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Re: Some more suggestions and a DOM OM

From: Craig Brozefsky <craig@duomo.onshore.com>
Date: 03 May 1998 18:35:15 -0500
To: "Jeff" <jmackay@vtopia.com>
Cc: <www-dom@w3.org>
Message-ID: <874sz7udvw.fsf@duomo.onshore.com>
"Jeff" <jmackay@enteract.com> writes:

> That may be true, although most implementations will need a validation hook.
> I just wanted to get some discussion started on the topic...  There was a
> request for an InvalidChildException (or something to that effect) on
> insertChild().   I believe that would unnecessarily complicate the building
> and processing of simple documents. But since all conforming processors have
> to do validation at some level, it makes sense that validation should be
> available through the DOM--whether through the Node interface or the
> Document interface.

You would probably not want to do your validation on insertChild, but
rather either as a user callable third step, or a automagically called
mechanism when the document is written out or saved.  Putting it on
insertChild would be annoying if I was building a document thru an
iterative process and a required element could not be gotten from the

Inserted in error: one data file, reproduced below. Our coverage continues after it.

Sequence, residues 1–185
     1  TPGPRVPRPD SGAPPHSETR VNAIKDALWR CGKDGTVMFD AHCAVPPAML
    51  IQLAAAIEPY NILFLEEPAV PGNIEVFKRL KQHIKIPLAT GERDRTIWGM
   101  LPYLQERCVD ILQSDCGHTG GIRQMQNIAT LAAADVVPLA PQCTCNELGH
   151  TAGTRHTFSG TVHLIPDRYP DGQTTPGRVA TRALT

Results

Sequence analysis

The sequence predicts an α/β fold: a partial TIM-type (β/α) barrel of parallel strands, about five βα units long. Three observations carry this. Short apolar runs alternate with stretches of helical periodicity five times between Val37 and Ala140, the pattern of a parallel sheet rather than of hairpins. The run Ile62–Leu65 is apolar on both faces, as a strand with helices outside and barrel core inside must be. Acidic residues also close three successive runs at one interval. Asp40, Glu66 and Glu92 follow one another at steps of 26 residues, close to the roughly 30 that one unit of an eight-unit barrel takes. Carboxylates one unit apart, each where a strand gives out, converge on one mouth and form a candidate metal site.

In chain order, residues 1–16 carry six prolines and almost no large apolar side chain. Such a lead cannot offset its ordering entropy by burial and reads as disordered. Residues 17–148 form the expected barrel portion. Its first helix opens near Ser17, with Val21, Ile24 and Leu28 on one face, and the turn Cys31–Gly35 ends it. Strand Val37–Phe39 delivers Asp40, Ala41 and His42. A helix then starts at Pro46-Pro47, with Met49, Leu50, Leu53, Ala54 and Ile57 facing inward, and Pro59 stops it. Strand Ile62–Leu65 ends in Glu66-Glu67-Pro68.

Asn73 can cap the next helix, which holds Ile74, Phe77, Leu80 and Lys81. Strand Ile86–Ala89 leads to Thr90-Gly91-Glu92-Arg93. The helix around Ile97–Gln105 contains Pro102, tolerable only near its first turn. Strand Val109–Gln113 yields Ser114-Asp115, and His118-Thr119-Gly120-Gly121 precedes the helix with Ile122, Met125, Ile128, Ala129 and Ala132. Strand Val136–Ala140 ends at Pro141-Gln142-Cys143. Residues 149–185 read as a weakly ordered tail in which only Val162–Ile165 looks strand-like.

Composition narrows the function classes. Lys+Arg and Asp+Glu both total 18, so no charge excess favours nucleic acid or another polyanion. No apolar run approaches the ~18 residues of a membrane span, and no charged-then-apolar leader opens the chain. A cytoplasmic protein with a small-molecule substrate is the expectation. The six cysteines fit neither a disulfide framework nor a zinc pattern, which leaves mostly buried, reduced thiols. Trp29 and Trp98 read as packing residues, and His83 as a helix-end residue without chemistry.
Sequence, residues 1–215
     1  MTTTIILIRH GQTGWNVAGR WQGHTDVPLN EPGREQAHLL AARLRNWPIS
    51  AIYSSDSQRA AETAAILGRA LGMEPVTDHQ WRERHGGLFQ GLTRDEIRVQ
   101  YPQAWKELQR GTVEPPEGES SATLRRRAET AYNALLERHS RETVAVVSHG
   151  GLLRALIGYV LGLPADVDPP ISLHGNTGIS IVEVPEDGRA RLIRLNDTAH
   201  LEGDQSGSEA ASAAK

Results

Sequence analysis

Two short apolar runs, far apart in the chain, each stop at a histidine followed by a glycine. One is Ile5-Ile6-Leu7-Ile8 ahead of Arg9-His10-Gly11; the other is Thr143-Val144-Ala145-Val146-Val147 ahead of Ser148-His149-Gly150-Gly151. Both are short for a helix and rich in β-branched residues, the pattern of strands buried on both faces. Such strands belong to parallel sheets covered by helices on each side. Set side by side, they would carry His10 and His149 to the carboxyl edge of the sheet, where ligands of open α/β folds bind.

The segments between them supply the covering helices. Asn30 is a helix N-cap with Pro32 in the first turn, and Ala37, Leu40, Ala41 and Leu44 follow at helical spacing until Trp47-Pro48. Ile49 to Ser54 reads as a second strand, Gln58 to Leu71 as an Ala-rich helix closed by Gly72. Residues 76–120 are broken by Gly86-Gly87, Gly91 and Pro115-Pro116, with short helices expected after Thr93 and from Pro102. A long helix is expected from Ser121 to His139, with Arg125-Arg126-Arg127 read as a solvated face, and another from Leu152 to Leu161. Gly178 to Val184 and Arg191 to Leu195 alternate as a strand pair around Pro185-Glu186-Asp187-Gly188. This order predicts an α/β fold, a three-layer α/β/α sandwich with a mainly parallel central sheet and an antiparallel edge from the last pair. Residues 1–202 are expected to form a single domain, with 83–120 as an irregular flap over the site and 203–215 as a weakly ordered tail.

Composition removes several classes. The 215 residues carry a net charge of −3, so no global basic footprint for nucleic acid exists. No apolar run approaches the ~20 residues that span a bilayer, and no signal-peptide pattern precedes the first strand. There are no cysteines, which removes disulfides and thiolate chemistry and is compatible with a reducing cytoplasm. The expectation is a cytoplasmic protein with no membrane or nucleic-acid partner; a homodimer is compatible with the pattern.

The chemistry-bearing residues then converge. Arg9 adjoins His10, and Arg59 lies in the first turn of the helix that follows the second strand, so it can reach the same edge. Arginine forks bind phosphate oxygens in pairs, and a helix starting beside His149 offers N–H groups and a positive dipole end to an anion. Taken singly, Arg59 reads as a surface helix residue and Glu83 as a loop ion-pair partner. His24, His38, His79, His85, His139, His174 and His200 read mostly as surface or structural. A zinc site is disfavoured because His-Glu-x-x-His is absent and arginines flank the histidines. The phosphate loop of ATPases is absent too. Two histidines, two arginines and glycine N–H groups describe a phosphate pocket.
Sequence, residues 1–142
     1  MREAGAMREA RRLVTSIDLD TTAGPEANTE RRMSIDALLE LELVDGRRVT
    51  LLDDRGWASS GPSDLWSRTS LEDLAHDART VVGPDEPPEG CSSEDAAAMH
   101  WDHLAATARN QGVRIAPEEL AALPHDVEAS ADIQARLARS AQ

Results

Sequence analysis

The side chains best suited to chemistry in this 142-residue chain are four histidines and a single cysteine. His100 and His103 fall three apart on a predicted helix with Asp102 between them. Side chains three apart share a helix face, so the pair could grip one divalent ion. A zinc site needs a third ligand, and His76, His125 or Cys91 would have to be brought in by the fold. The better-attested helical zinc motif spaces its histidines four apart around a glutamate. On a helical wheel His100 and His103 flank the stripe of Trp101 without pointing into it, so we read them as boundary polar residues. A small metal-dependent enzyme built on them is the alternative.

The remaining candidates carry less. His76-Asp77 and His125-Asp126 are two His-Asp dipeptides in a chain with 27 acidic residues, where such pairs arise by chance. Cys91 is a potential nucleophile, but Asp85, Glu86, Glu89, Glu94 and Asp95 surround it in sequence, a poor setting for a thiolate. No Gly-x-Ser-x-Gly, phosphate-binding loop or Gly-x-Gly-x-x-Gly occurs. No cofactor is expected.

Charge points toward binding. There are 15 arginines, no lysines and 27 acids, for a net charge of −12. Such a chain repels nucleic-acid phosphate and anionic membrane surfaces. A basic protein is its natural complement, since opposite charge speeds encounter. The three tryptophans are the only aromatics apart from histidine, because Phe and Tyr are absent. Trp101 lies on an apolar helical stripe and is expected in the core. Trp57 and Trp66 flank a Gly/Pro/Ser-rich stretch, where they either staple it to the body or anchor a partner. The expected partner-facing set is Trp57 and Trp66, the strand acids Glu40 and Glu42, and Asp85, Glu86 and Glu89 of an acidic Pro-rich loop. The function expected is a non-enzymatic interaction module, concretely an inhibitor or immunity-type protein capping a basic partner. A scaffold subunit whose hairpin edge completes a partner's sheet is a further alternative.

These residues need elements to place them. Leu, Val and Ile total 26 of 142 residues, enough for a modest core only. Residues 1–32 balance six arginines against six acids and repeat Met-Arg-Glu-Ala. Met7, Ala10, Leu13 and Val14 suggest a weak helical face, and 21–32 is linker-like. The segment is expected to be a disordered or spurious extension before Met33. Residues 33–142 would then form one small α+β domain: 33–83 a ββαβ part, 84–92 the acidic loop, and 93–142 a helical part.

user until later in the process.  I think checking for validation
against the DTD should be postponed.

I find that the EOF from NeXT is full of interesting examples of how
to provide abstractions for writing interfaces to objects
derived/stored in a secondary storage mechanism.  In the case of EOF
it's Oracle or any data store.  In DOM it's an SGML/XML document.

Think about ways in which people are going to want to tie events from
the interface into the DOM hierarchy.  Having validation done at
insertChild and it's ilk makes me need to interrupt the user's
workflow immediatly if their change throws up some validation problem.
Whereas making validation a seperate step allows me to either validate
immediatly in some cases and notify the user, or save it all until
they hit the "SAVE" button.  Leave the choice for the developer.

A little mantra might be: "Provide the programmer with a set of
abstractions for building something within a well defined and
verifiable solution space, and do as little as possible to interfere
with the flow and process used to build it."

or the shortend version: "Sublime Objects." 8)
Received on Sunday, 3 May 1998 19:31:34 GMT

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